The Gospel of Matthew’s way of saying this is in 5:14,16, “You are the light of the world. . . . Let your light shine before others, so that they may see your good works[,] and[,] give glory to your Father in heaven.”

As this winnowing, through humility, reveals deep love and compassion, Richard Rohr reflects on this, saying “A mystic—like Merton, Francis of Assisi, Julian of Norwich, John Duns Scotus, and many others—is one who recognizes God’s image and likeness in this human being, in this creature, in this moment, and from that encounter with the sacred comes to see God everywhere and always.  The mystic cannot help but love and have compassion for what is right in front of them.  God’s indwelling presence—in every created thing—is inherent and cannot be earned or destroyed.”

Friends, look at the windows.  They allow light to shine through them.  The beauty of the windows is brought out as the light shine through, but the light itself is outside the windows.  That’s one traditional way of seeing God in relation to the creation.  Also, look above at the light fixtures where there are electric bulbs.  The glass shroud of those lights are lit from within, because the source of light is internal, in the form of a bulb.  That’s another way of viewing God’s relationship with the creation.  One views God as separate and outside, and one views God as living within.  This is at the core of the larger Church’s struggle today.

Thomas Aquinas lived in the 1200’s and his philosophies helped shape the church into an institution that views God as being separate, outside, and shining light from outside, through the church, through Christians, into the world.  John Duns Scotus was a Christian mystic who lived at about the same time whose philosophies would be more like the lamps, saying that divine light lives within us and emanates from the inside out.  Not only are people carriers of the divine image, but every-thing, all parts of creation are manifestations of God’s glorious light burning within.  The philosophy of Aquinas has carried the church for hundreds of years, but winnowing is at work while that other wisdom is re-discovered as it emerges from its deep roots.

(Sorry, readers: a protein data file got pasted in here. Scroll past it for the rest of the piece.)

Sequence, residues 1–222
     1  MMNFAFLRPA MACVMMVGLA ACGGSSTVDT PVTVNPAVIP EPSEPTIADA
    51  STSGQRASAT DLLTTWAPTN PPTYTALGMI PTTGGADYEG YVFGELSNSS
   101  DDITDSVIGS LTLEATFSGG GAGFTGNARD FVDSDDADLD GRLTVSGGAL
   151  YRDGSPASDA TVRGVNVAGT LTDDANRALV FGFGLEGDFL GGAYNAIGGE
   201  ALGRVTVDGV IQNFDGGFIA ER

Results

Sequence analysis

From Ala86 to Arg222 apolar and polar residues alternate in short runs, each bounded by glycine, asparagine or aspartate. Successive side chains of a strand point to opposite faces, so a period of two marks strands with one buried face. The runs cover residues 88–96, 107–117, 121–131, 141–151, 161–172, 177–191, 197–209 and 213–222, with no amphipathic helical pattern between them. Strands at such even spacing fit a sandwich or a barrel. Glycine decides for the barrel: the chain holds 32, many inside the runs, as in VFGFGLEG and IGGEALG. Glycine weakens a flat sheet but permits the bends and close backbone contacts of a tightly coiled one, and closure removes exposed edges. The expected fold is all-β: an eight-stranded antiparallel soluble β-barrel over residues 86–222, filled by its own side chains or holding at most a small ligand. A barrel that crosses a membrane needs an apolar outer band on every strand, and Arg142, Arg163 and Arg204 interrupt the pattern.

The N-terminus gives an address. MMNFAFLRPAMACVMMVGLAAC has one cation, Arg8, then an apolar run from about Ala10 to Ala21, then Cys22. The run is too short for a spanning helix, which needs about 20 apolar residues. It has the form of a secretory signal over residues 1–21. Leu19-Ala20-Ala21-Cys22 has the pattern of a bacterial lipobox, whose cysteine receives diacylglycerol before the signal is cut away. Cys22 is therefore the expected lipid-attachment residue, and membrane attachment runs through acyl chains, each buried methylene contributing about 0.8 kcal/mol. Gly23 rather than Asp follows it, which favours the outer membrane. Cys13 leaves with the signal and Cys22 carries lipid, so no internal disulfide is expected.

You see the parallel with Palm Sunday as the church is in a time of winnowing, as each of us is called to examine what we believe, how it is that we come to believe that, and that we are invited to “a deeper and more authentic commitment to the path of [our] risen Master?” (Bourgeault).  We are right there with those people waving palm branches in response to a certain mindset and way of thinking.  But as Jesus enters, riding a colt, a donkey, a symbol of humility and peace, embodying God’s love and compassion, how long will we wave those branches?  When will we put down the branches so Jesus can be Lord on his terms, to change our “mindset” into an “open mind,” and expand our way of thinking into an entirely new way of perceiving reality?